“Most (92%) of U.S. employers offer educational benefits, according to a survey from the International Foundation of Employee Benefit Plans (IFEBP). The most common include tuition assistance/reimbursement (63%), in-house training seminars (61%), attendance at educational conferences (51%), continuing education courses (50%), coverage for licensing courses and exams (44%), personal development courses (35%), and 529 college savings plans (10%).” — HRDive.com.


Prepare notes about the graduate school of your choice, its programs, and particular courses that may benefit your current role with the company.

Ask to Pay

Communicate to your human resource team why you want their support for your education. Asking clear questions about the terms of tuition reimbursement will help you and your employer make the process flow more smoothly.


Clarify with your boss that you are pursuing a degree in a graduate program that will be mutually beneficial. The employer wants to understand how your academic goals fit into the mission of the institution where you work.

Address Concerns

Your employer will want to confirm your intentions to stay employed at the company beyond the length of your academic program. Have a conversation to discuss all aspects of your graduate pursuits in relation to your job.

Employee tuition reimbursement programs are increasing in popularity, especially for adults who desire to pursue graduate school. Many employers, looking to boost their collective skill set without hiring additional people, will sponsor all or part of an employee's graduate school program through tuition reimbursement. 

By doing an innovative online search for additional funding resources, you will come across many corporations who have extensive tuition reimbursement opportunities. 

Here are some of the top companies who provide graduate school funding:

logo-UPS (1)
logo-Bank-of-America (1)
best buy

How to Borrow Money the Smart Way

Securing a solid financial plan for your academic goals allows you to focus on learning and growing during your graduate school experience. The key factor in borrowing money for your education is to be aware of the facts vs. the myths of financial aid.

Federal Student Aid, which is a branch of the U.S. Department of Education, provides the majority of student aid. 

Click on the student aid site here for detailed explanations about:

  • The federal financial aid programs for graduate and professional degree students
  • The basic eligibility requirements
  • How to apply for financial aid
  • Where to find other sources of aid (state, school, and scholarship)
  • The key items to consider before taking out a student loan

How FAFSA Works for Graduate School

Filling out the FAFSA application is the first step to receiving grants, loans, and work study funds provided from the Federal Government. Many states and schools rely on Federal Aid support for their academic program success.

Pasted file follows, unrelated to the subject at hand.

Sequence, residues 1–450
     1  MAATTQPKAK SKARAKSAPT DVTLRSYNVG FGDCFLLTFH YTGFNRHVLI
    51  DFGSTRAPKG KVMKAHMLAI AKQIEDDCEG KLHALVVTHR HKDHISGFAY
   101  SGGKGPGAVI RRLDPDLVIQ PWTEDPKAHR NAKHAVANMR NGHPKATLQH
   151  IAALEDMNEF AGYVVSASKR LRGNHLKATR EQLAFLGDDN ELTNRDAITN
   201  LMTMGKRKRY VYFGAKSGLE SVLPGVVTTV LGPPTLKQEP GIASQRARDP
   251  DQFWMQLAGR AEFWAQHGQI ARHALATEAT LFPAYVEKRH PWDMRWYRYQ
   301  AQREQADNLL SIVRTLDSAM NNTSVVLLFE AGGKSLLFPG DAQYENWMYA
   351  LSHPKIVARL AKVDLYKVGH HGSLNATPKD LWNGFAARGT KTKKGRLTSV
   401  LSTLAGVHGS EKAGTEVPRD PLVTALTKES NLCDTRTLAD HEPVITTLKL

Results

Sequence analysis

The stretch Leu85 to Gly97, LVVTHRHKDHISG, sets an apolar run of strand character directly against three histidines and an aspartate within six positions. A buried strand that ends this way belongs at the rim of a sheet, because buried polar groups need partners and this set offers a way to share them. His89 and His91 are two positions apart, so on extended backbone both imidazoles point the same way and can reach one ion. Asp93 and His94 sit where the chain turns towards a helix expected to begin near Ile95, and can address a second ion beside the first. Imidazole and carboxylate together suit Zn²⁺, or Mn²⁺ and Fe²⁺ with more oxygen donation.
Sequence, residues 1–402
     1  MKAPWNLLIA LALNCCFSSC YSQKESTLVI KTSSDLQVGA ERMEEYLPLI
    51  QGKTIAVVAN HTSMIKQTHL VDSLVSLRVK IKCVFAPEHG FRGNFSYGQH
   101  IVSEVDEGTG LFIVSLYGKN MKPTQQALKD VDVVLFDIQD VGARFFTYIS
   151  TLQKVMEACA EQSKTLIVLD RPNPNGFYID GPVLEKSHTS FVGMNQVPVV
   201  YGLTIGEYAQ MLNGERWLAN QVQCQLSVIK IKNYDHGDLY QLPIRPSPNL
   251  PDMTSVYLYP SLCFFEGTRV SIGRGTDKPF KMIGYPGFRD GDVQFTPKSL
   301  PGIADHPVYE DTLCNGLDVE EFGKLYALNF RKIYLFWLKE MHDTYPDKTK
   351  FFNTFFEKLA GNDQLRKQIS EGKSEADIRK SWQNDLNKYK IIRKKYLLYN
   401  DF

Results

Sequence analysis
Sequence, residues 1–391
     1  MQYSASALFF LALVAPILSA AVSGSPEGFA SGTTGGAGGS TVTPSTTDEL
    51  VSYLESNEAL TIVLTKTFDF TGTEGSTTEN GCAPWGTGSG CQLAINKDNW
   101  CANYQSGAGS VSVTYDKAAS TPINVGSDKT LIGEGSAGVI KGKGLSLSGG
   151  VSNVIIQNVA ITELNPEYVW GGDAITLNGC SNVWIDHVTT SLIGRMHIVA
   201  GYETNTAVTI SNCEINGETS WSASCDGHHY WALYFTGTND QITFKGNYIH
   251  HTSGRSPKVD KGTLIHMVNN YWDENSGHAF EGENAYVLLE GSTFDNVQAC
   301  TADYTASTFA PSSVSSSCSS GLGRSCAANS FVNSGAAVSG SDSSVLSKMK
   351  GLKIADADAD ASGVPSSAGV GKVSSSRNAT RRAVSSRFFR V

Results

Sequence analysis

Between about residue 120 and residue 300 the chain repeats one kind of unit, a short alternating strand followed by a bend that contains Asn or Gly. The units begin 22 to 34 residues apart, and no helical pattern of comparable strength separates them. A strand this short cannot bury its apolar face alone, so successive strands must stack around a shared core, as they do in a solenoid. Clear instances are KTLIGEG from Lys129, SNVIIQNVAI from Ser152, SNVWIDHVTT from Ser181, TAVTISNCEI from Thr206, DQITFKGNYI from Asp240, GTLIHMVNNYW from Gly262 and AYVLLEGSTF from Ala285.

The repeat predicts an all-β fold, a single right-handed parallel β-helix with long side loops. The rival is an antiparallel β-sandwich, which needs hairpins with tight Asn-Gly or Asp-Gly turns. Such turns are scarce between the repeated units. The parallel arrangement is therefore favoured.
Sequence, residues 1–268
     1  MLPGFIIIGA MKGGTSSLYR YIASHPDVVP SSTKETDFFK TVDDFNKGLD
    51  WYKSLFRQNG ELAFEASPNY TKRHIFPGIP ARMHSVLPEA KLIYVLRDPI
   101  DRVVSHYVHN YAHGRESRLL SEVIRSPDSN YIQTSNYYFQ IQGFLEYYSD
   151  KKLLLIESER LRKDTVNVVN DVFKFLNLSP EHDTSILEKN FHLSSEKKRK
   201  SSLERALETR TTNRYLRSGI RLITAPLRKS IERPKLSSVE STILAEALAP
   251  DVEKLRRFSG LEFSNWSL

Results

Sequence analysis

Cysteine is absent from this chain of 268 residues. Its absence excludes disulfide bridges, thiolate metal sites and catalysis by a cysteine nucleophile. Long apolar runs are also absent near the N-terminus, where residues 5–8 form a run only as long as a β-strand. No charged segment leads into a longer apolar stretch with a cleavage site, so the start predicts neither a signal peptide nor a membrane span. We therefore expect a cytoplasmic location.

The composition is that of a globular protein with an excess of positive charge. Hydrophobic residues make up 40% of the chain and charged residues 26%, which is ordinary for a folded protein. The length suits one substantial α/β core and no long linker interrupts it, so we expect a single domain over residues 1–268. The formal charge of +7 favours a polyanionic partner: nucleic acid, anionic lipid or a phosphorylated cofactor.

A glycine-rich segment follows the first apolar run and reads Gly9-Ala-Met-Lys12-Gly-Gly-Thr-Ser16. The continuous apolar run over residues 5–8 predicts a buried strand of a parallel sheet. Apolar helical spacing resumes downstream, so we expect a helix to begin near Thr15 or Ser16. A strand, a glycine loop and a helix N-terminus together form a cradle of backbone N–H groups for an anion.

The fastest way to apply for aid is to visit the FAFSA.GOV website, which provides detailed information and step-by-step instructions on how to begin the application process. Make sure you have all the necessary documents and information you may need to fill out the FAFSA form. For example, you will need your social security number, your permanent resident card if you have one, any W-2 forms or records of money you earned for the previous year, and your tax records.

The FAFSA site is available in English and Spanish. Online help is also available on the website. Usually, the application process can be completed in 30 minutes or less. There is a three-minute introductory video available to view before filling out your application.

Young woman studying for GRE on laptop


As explained on studentaid.ed.gov, the William D. Ford Federal Direct Loan is the largest federal student loan program. The loans are divided between direct unsubsidized loans and direct PLUS Loans:

  • Direct Unsubsidized Loans – Eligible students may borrow up to $20,500 per school year. Graduate and professional students enrolled in certain health profession programs may receive additional Direct Unsubsidized loan amounts each academic year.
  • Direct PLUS Loans – Eligible graduate and professional degree students who need to borrow more than the maximum unsubsidized loan amounts to meet their education costs may apply for a PLUS loan.

Pro Tip: It’s important to understand the difference between subsidized and unsubsidized loans — “direct subsidized loans are awarded based on need — and do not accrue interest while the student is in school or when loans are deferred after graduation. Unsubsidized loans, on the other hand, immediately and continuously accrue interest, so you’ll face a larger balance than what you borrowed if you skip in-school payments."

There may be additional aid from other Federal Agencies. Search StudentAid.gov/types for additional tips. Also, you may find that there are tax credit benefits for students enrolled in higher education. 

For information regarding education tax credits go to irs.gov.

Find Funding for Graduate School at WVU

— Connect With Us!

As you consider the key questions regarding how to fund your academic and career goals, it is important to collect the facts about financial opportunities. Also, remember that the return on your personal and intellectual investment may be measured not only monetarily but also personally and professionally. 

You will sharpen your skills and deepen your understanding in your field, which will situate you for a purposeful life ahead.

It is important to realize the parameters of becoming a graduate student. Know what budget will work for you, understand how the graduate program is mutually beneficial for your employer or for your career expectations, fill out applications in a clear and timely manner, and reach out to trained admissions counselors who can help you chart a path to a successful graduate school experience.

West Virginia University offers many excellent graduate programs designed to prepare you for a successful career. For a list of current programs, visit our graduate programs page. If you like what you see, use the easy five-step application process and let us tell you more about the opportunities that await you at West Virginia University.